"Yuma": World Premiere in Karlovy Vary
Yuma. Photo by Bartosz Mrozowski / Kino Świat
June 30 marked the world premiere of Yuma at the 47th Karlovy Vary International Film Festival. Yuma is the feature debut from Piotr Mularuk, co-financed by the Polish Film Institute. The film is featured in the lineup of the East of the West competition.
Jakub Gierszał: King of ‘Yuma’
The film is set three years after the fall of communism in Poland. Zyga (Jakub Gierszał) has had enough of seeing the colourful world only in teen magazines. With help from his friends and from his resourceful aunt (Katarzyna Figura), he becomes the king of ‘yuma’, a term used to describe shoplifting in Germany. Yuma becomes quite common; Zyga’s hometown starts to develop quickly. But soon Zyga’s young and rebellious comrades (Krzysztof Skonieczny and Jakub Kamieński) start thinking they need more than designer clothes and brand name electronic equipment. When they cross paths with Russian gangsters led by the unpredictable Opat (Tomasz Kot), and the German shop-owners, repeatedly robbed, implement higher security measures against shoplifters, their cops & robbers game turns into a dangerous ordeal.
Filmmakers in Karlovy Vary
Yuma is a co-production between Poland and the Czech Republic. The film’s premiere screening marked appearances from a large number of the film’s cast & crew, including director Piotr Mularuk, screenwriter Wojciech Gajewicz, actress Katarzyna Figura, Karolina Chapko and Helena Sujecka, as well as the film’s Czech co-producer Pavel Bercik.
At the Q&A session after the screening Mularuk discussed why a film about the Polish-German border was co-financed by our southern, rather than our western neighbours. “Talks with German partners took two years. They liked the idea, they liked the screenplay. But they found the project to be anti-Polish. ‘How is it anti-Polish?’ I would ask. ‘Oh, you mean the fact that the protagonists steal!’. The answer was ‘yes’. ‘Nobody in Germany will produce an anti-Polish film’.”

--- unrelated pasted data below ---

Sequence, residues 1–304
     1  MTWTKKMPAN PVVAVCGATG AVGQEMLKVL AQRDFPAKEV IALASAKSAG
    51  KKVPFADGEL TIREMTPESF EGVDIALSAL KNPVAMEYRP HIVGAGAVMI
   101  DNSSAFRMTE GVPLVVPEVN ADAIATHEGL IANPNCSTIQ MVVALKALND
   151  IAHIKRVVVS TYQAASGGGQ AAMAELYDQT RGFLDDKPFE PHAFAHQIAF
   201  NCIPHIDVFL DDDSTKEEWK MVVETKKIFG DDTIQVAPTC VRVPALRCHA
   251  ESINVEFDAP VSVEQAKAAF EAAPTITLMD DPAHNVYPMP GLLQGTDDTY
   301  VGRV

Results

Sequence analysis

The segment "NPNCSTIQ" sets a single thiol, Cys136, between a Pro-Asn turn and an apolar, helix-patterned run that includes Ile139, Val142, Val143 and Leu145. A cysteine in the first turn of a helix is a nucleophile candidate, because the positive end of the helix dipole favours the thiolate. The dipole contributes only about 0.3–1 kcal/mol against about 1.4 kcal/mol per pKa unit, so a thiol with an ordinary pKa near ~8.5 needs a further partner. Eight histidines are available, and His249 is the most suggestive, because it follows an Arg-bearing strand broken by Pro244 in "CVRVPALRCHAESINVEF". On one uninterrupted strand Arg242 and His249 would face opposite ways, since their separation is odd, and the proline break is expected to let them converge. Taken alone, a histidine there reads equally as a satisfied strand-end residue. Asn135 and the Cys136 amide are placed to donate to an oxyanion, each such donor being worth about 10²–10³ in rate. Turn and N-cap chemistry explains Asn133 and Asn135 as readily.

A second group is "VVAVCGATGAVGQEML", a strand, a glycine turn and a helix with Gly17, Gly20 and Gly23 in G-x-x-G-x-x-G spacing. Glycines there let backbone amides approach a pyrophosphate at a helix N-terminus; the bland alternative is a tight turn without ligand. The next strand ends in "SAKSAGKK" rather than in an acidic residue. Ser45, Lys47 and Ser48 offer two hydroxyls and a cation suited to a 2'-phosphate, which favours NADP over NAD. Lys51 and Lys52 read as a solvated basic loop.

Czech Producer on Yuma
Co-producer Pavel Bercik discussed how he became interested in the script: “I liked the screenplay because it focused on the 1990s in a different way than that of most Czech films set in those days. Piotr and I discussed how Czechs can help finance the film. We managed to receive a subsidy that, as it later turned out, became the first building block of the production.”
A Film Inspired by Real Events
Yuma features an end title which states that the story was inspired by real events. Mularuk explained: “I read dozens of articles about the Polish-German border during the transformation period and, oddly, only came across one that dealt with the issue of ‘yuma’. The subject was taboo. It turned out that everything in that article was true, which was a shock to me. Indeed there was a river, a border, the good, the bad, and complete lawlessness. And this was in the 90s, in the heart of Europe. I decided to go there, and researched the subject for about five years. I met the good, I met the bad. I realized that telling the story in a realistic fashion would be unbearable, so I decided to tell it from the point of view of the main character, using somewhat less realistic narration.”
Romantic Tale of the Borderland
When asked what he chose not to share from the real story of the borderland of the early 1990s, Mularuk said: “For example there were school buses with children that would go across the border, and the kids were told to go and steal. There was also a Vietnamese gang that attacked the yuma youngsters and stole from them the goods that they themselves had stolen. […] There is something romantic about this story,” said Piotr Mularuk in Karlovy Vary. “A group of young men who shoplift and make their hometown a more vibrant place. For a while this system worked effortlessly. But after a while it turned to alcohol and drug trafficking, and the Russian mob became involved. When one of the boys was killed while robbing a jewelry shop, that was the real end of ‘yuma’.”
Winners of the East of the West Competition and other festival sections will be announced on July 7.
Further details about the festival available at: www.kviff.com.
For the Polish Film Institute:
Jacek Dziduszko, Karlovy Vary
Translated by Karolina Kołtun